A Russian court has upheld a ban on LinkedIn for failing to comply with a new data storage law. It is the first major online networking portal to be impacted by the legislation, as between 2014 and now these measures were sporadically enforced. Russia is not the only country to make this request of foreign technology companies, however, though the fight will probably be more contentious due to these companies?EU? concerns about how the Russian authorities will access that data in the name of national security.
The career building site has under 6 million users in Russia. It is likely that since it did not meet the deadline and its shutdown will have less of an impact on Russian?EU?s internet economy than, say, cutting off Facebook and Google, an example is being set to encourage Western companies to adhere to the new law.
Compliance means losing out on a major market. Facebook and Google?EU?s main competitors, vKontakte, Yandex, Livejournal, and Mail.ru, which includes the fast-growing Odnoklassniki social network, already follow these requirements as they are Russian companies.
Failure to comply would lead to blocking access, and drive users over to these domestic platforms. This would be especially damaging for Facebook as, after years of pushing into the country, it is now ranked third for monthly users, after vKontakte and Odnoklassniki, and has carved out for itself a niche in business communications.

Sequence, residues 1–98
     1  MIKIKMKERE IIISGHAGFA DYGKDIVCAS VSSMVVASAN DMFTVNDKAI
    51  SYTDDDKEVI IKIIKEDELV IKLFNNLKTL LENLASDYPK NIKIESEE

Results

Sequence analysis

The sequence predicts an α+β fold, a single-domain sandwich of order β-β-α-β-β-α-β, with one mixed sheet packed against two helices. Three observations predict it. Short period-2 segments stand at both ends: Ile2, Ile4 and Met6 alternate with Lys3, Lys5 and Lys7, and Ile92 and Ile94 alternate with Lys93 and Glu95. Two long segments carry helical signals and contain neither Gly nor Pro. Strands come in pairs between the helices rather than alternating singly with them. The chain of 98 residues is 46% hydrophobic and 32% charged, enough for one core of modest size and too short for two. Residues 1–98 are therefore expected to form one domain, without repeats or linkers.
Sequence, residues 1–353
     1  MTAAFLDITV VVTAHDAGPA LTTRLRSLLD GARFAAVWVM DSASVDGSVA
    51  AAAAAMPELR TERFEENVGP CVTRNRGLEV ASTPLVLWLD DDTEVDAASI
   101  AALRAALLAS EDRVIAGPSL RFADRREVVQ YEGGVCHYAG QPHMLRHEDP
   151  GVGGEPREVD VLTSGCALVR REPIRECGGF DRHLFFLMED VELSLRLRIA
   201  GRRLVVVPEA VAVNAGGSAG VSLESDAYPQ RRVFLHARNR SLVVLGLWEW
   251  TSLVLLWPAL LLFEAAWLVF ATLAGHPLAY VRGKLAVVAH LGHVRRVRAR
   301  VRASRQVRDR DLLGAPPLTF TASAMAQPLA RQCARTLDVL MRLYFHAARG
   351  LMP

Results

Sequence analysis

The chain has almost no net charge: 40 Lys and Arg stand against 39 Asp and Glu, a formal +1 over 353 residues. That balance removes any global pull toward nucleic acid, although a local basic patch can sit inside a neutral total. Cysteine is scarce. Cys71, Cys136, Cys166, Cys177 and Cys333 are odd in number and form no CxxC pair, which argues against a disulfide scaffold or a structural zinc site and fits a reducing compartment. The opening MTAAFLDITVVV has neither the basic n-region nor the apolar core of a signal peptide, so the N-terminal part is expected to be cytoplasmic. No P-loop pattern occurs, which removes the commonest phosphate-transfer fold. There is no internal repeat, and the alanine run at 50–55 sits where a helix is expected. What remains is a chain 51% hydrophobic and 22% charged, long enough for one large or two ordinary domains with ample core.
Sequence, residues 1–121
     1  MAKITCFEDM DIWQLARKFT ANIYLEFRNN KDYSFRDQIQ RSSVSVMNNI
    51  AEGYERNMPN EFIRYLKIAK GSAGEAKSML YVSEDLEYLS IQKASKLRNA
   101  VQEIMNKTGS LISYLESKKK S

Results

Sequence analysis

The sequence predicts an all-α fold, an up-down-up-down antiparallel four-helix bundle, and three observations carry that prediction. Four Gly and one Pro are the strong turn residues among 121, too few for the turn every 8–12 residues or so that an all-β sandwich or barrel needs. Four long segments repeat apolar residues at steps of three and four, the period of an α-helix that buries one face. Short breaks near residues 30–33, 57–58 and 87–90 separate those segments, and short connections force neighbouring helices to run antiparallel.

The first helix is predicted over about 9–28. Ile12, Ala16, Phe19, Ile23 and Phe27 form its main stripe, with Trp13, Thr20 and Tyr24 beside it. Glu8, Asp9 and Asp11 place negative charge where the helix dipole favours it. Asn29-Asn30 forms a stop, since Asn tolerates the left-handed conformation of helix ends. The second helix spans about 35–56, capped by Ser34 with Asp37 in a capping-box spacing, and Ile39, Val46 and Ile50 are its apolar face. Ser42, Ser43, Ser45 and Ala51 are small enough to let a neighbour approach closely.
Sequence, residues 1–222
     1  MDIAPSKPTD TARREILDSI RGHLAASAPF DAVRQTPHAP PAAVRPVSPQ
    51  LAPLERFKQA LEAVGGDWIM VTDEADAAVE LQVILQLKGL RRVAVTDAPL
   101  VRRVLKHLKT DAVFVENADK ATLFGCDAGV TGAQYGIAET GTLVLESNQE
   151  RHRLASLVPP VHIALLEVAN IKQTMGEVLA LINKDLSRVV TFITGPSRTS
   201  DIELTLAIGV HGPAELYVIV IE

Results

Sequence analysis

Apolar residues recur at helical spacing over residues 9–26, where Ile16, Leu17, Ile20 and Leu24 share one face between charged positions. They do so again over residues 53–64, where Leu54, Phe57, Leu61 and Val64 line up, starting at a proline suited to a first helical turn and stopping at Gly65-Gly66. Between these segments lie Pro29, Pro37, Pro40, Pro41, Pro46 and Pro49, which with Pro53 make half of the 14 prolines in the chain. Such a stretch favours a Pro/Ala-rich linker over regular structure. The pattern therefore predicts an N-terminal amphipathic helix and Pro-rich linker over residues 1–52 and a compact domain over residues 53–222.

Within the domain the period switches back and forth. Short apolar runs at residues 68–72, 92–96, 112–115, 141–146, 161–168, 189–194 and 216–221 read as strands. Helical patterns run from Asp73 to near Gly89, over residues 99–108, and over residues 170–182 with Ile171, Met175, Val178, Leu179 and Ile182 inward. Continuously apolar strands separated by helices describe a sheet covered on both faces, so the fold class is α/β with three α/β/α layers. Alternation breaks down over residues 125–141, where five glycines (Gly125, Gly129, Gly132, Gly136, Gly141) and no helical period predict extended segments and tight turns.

Some big Western companies like Apple, Uber, and eBay are taking steps to meet the requirement to avoid losing out on access,. Others, like Spotify, have pulled out of deals to avoid compliance.
It is unclear if the policy will change once Microsoft completes its acquisition of LinkedIn. Unlike LinkedIn, which at present is fighting the move, Microsoft has made exceptions in Europe. Microsoft already stores German user data on servers in Germany owned…